expelling three of the paper’s reporters, charging that the real reason behind the move was not a “racist” headline but a way of distracting rising public anger over the Covid-19 virus outbreak.he Wall Street Journal’s editorial board has shot back at China for
On Wednesday, the Chinese Foreign Ministry shocked the country’s foreign press by announcing that the credentials of three China-based WSJ reporters would be revoked and that they would have to leave the country because of their organization’s failure to apologize for an opinion piece published earlier this month titled “China Is The Real Sick Man of Asia.”
For weeks, the Foreign Ministry had been denouncing the op-ed’s headline as “racist,” calling for the newspaper to apologize for “hurting the feelings of the Chinese people” and “slandering China’s efforts in fighting the coronavirus outbreak.”
The phrase “sick man of Asia” brings to mind shameful historical connations in China. It was used a century ago to refer to the country when it was fractured by divisions and under the influence of foreign powers and their “unequal treaties.”
“Chinese people do not welcome media that publish racially discriminatory and malicious slander on China,” declared ministry spokesman Geng Shuang at a press briefing on Wednesday.
“[The Wall Street Journal] has neither issued an official apology nor informed us of what it plans to do with the persons involved,” he continued. “In light of this, China has decided to revoke the press cards of the three WSJ correspondents in Beijing starting today.”
In response to the move, the Wall Street Journal’s editorial board has published a piece arguing that the evictions are not really about the headline, but a bit of manufactured outrage designed to divert the public’s attention.
President Xi Jinping says China deserves to be treated as a great power, but on Wednesday his country expelled three Wall Street Journal reporters over a headline. Yes, a headline. Or at least that was the official justification. The truth is that Beijing’s rulers are punishing our reporters so they can change the subject from the Chinese public’s anger about the government’s management of the coronavirus scourge.
The editorial goes on to make a number of points:
- It concedes that the “sick man” reference echoes in an “insensitive fashion” to Chinese ears.
- While noting that the phrase is commonly used in headlines by news organizations to describe problematic governments around the world.
- And pointing out that The Wall Street Journal is not published in China because it’s banned there.
- It brings attention to the online backlash campaign against the editorial’s author, implying that the campaign was guided by Beijing.
- And points out that the WSJ’s news and opinion departments are run separately, a division, it says, that the Chinese “understand” but “choose to ignore when it suits their propaganda purposes.”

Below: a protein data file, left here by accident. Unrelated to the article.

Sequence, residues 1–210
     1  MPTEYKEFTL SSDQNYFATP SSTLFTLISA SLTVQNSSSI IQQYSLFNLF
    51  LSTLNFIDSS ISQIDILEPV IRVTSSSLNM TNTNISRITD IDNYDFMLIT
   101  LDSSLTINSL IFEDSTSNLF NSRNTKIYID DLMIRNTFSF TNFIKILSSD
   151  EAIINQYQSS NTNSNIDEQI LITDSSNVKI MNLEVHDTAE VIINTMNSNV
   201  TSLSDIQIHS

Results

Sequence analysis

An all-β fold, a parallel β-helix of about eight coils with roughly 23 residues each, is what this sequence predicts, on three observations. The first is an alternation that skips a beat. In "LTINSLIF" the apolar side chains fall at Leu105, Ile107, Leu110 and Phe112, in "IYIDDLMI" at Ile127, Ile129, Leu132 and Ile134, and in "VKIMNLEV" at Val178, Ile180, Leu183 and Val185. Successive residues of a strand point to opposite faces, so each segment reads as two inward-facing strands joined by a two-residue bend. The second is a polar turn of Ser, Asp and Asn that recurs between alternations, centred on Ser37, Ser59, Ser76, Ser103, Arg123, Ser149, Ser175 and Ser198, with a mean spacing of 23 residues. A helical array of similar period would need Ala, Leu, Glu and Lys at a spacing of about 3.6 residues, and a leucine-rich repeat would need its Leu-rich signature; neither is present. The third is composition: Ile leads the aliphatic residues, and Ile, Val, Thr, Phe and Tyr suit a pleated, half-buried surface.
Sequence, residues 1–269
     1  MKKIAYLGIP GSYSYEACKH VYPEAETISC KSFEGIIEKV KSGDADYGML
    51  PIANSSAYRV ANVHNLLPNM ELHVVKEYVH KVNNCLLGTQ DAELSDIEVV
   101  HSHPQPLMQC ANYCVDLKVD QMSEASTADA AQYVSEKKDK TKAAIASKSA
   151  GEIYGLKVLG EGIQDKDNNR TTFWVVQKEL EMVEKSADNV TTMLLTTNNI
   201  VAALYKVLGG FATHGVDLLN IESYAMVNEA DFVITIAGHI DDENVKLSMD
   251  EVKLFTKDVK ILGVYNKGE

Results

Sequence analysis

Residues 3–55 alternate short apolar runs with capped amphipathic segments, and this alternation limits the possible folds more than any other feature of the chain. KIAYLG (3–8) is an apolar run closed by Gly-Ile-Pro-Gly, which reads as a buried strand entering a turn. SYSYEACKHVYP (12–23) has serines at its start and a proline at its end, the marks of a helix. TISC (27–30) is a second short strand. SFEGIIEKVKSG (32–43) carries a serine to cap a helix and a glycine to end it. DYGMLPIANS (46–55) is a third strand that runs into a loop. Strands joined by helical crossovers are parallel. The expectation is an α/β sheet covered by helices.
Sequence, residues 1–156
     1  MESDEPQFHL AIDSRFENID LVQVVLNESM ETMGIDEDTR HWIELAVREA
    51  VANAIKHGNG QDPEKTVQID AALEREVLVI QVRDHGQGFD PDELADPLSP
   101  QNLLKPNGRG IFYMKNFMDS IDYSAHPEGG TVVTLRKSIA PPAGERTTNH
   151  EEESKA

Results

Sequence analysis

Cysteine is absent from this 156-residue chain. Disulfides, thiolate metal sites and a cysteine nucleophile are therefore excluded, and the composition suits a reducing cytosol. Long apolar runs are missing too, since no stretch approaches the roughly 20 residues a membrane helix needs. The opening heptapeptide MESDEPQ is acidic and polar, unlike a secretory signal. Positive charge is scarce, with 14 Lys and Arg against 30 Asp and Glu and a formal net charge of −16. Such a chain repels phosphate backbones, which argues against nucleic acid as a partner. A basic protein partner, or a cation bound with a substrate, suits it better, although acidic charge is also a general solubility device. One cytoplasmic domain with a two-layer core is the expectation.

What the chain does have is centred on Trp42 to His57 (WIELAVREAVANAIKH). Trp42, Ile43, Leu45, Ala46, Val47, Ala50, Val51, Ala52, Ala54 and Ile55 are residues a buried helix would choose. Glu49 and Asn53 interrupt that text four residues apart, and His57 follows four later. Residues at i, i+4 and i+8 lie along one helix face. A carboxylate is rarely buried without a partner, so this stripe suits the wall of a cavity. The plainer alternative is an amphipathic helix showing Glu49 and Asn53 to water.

In this case, the editorial argues that those purposes are domestic politics:
The coronavirus is a seismic political event that undermines Mr. Xi’s promise to his citizens about a rising China and the competence of the Communist Party. The government’s default defense is to play the nationalist card and blame foreigners for its home-grown troubles. That’s why it censors public complaints on Chinese social media, gins up a furor over a headline—and banishes the best reporters in the world from covering China.
US Secretary of State Mike Pompeo has condemned China’s decision to expel the three WSJ reporters, a move that came one day after his department reclassified Chinese state media outlets as “foreign missions” and operatives of the Chinese government.
“Mature, responsible countries understand that a free press reports facts and expresses opinions,” Pompeo said. “The correct response is to present counter-arguments, not restrict speech.”
#Opinion: The Wall Street Journal is unwelcome in China. It is allowed to make profits in China, but insists on besmirching China and refusing to correct its mistakes. This proves its hostility and immorality. @WSJ. https://t.co/P6tTgQCGh2 pic.twitter.com/PIBXxYLldp
— Global Times (@globaltimesnews) February 20, 2020
Meanwhile, China is sticking firmly to its stance.
When asked at a press briefing in Beijing on Thursday if China’s response was not unfair to the three reporters who had nothing to do with the opinion piece, Geng Shuang was dismissive.
“We are not interested in the structural divide at The Wall Street Journal. There is only one media agency called the WSJ, and it must be responsible for what it has said and done,” he said.
“Those media who blatantly insult China, pitch racial discrimination and maliciously smear China must pay their price.”